rum rocks

petroglyph waid rumWe camped for two nights in a Bedouin camp with large goat hair tents, and I spent one of them by myself outside, sleeping on a sand dune, looking up into a sea of stars (I know it’s a cliche, but an apt description nonetheless). The crew cooked chicken and vegetables in an oven dug into the desert floor with hot coals and a three-level grill contraption with a lid that they bury with sand. Tasty chicken.

Wadi Rum is also where I took my first camel ride with my friends and travel companions J & K (you can see J’s photo of me on camel back, here. I’ll share video soon.). It’s also where J’s camel tried to kill him… but you can hear that story straight from the, er, horse’s mouth, and get some pointers from a commenter on his blog on potential menswear for the desert. Zidane with glyphsThe camel took some getting used to, but you eventually get the hang of it and you know where to put your butt and legs for optimum comfort. We didn’t see much on the ride, but got to listen as the older of the two boys who guided us quizzed the younger with school lessons as they walked in front of the beasts with the leads in their hands. They stopped at a spring to water the animals (and for one to take the opportunity to try and scrape J off his back). Camel SilhouetteAs we neared the camp, we saw other camels standing in the desert, grazing on the occasional vegetation. The females were apparently in heat and the herders had put on some kind of chastity chaps — a leather apron over their backsides with a hole for their tales — to keep the males from, um, accomplishing anything. But the boys got nervous when the males saw the females, so they suggested we get off the camels and walk the 100 yards to the camp. Male camels in rut are known to be aggressive and umpredictable. Not unlike males of another species I’m familiar with.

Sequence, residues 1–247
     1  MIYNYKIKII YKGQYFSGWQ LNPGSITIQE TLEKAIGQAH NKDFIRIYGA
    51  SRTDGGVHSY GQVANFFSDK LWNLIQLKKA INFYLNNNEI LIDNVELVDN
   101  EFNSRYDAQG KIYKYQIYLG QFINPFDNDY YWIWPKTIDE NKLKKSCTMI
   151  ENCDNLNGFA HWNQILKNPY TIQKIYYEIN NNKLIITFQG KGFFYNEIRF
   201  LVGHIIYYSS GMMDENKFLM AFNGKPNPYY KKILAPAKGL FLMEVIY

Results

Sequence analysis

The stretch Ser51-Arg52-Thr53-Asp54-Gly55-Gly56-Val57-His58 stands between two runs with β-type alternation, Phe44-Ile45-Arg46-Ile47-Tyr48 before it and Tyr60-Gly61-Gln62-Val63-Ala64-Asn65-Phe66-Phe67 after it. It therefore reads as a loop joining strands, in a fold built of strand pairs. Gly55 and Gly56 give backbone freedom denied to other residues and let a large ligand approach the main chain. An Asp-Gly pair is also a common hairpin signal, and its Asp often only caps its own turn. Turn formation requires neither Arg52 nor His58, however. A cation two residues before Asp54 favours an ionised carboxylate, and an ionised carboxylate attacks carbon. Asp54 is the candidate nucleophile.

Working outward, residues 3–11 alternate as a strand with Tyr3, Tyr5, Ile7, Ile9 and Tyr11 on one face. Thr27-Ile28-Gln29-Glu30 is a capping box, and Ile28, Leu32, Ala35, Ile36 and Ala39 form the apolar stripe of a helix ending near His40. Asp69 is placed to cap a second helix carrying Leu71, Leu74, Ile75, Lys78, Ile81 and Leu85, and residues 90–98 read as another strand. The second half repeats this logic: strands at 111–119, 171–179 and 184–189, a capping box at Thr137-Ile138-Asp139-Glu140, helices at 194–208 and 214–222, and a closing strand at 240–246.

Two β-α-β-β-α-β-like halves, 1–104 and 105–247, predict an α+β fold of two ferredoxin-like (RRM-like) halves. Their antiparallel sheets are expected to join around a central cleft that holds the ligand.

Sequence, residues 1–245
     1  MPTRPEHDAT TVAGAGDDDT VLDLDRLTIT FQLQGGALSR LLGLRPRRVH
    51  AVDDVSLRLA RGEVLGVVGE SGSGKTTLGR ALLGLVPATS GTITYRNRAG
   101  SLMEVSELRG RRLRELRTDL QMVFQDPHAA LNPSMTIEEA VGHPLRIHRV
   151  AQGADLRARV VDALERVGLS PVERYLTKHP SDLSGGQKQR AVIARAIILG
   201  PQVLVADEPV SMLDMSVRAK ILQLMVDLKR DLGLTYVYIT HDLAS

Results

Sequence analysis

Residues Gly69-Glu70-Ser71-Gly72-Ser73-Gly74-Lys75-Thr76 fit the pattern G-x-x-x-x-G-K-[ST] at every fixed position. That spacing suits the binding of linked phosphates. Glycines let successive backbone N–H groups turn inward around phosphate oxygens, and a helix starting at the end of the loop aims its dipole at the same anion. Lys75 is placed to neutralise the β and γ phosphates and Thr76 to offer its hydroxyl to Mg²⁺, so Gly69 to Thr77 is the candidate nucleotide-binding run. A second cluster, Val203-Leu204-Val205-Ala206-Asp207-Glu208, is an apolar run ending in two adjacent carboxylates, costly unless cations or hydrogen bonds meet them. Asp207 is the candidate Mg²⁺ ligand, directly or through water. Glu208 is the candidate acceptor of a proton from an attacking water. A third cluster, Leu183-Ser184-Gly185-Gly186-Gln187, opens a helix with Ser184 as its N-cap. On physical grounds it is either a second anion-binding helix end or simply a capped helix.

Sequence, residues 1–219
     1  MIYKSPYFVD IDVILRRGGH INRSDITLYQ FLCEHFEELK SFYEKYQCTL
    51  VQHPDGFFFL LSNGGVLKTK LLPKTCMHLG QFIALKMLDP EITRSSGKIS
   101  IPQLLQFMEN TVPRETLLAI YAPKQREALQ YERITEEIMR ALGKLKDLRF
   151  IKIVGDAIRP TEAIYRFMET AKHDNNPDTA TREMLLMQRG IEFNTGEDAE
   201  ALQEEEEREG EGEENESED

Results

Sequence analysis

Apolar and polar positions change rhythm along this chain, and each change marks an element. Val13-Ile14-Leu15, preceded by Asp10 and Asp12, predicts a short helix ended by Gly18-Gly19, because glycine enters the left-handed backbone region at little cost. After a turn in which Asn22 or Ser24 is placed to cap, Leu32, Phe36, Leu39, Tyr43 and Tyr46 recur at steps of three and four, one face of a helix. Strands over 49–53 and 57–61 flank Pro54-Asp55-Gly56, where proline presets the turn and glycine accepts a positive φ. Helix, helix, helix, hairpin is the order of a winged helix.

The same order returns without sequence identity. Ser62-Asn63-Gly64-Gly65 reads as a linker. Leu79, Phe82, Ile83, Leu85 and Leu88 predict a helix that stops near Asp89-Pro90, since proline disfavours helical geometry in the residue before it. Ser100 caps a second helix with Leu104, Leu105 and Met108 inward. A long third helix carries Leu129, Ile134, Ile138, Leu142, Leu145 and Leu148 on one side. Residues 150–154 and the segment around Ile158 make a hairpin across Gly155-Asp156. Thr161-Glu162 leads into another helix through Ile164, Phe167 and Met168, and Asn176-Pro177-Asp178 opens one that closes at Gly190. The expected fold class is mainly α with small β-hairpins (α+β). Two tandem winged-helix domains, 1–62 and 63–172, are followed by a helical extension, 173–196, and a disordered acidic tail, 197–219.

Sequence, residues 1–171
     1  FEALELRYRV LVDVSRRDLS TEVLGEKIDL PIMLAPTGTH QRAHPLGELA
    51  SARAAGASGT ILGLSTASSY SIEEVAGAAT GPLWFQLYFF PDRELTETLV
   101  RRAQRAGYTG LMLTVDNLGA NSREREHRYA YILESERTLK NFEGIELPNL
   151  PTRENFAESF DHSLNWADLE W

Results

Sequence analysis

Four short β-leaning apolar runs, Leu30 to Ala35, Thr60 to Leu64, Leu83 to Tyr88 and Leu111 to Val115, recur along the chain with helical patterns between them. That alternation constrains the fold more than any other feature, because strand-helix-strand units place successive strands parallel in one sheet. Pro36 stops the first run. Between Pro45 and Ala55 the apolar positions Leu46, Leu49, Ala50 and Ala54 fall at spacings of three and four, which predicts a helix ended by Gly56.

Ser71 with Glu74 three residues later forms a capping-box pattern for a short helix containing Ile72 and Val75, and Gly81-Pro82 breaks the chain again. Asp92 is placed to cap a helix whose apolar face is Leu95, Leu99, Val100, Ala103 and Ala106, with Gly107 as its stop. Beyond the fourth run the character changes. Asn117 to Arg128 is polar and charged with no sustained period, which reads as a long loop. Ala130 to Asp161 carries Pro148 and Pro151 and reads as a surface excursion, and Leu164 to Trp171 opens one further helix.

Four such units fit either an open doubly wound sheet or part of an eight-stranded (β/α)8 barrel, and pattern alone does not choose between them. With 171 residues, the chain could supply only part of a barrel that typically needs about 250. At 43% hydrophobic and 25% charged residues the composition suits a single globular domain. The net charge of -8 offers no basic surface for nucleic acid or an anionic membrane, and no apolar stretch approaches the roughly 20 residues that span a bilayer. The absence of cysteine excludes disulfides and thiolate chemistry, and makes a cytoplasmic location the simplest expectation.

Arch with K

J and K on camels

Zedan on sand

The Coptic Monasteries of Egypt

monastery 3

My cousin Mary Kay, a pediatrician in Cleveland, has a clinic partner who hails from Cairo. When Dr. Mervat came from Ohio to visit her family here in February, she invited me to dinner with them. She and her sisters all have names that begin with M (much like another family I know).Monastery 11

At that dinner, Mervat’s sister Magda and her husband Samieh promised to take me out to see some of the oldest monasteries in the Middle East. We had to wait until after Easter, when the sites once again opened their doors to non-members of the church. monastery 2Last Saturday, Samieh and Magda treated me to a tour of two monasteries and a retreat center founded by a priest who does a great deal of charity work in upper Egypt.

Monastery 6Copt is a word meaning “Egyptian,” derived from the Greek Egyptos. But its meaning has developed over the years so that today the word Coptic refers to Egyptian Christians. About 15% of Egyptians are Christians and some 95% of them are members of the Coptic Orthodox Church of Alexandria.

Samieh with kettlesThe first monastery on our tour was in an area called Wadi Natrun, and has a Monastic complex dedicated to St Bishoy, a priest born in the fourth century AD. My tour guide was an English-speaking priest (a former Chemist who had spent time in Europe and has two brothers in New Jersey) who spent more than an hour taking me among the sights there and explaining details about the history of the place. Monastery 9And he showed us inside some of the rooms, not on the tourist route, where monks would gather for fellowship.

There’s an old tower where the monks would also gather, but that was for protection from invaders, be it from the Berbers — who regularly attacked over the spane of a few hundred years — or others through the ages. And in the sanctuaries of the churches there are altars with the relics of saints Bishoy and Paul of Tammua. Monastery 7The walls have frescoes, and the altars are decorated with wood carvings from centuries past. There’s also an old grain mill that was once powered by donkeys.

We then went to Samieh and Magda’s favorite monastery, monastery 5where they come regularly, they say, to “be close to God” and find solace and a break from the hustle and bustle of Cairo. The Monastery of St. Macarius is about 90 kilometers from Cairo, off the main desert highway to Alexandria. The monastery was founded by the eponymous Saint in 360 AD. And from the fourth century to the present day, it has been continuously inhabited by monks.monastery 4 One altar is said to contain the relics of both St. John the Baptist and Elisha the Prophet.

As we walked among the peaceful sanctuaries and chapels, I could see why Samieh and Magda go there so often.

 

Monastery 10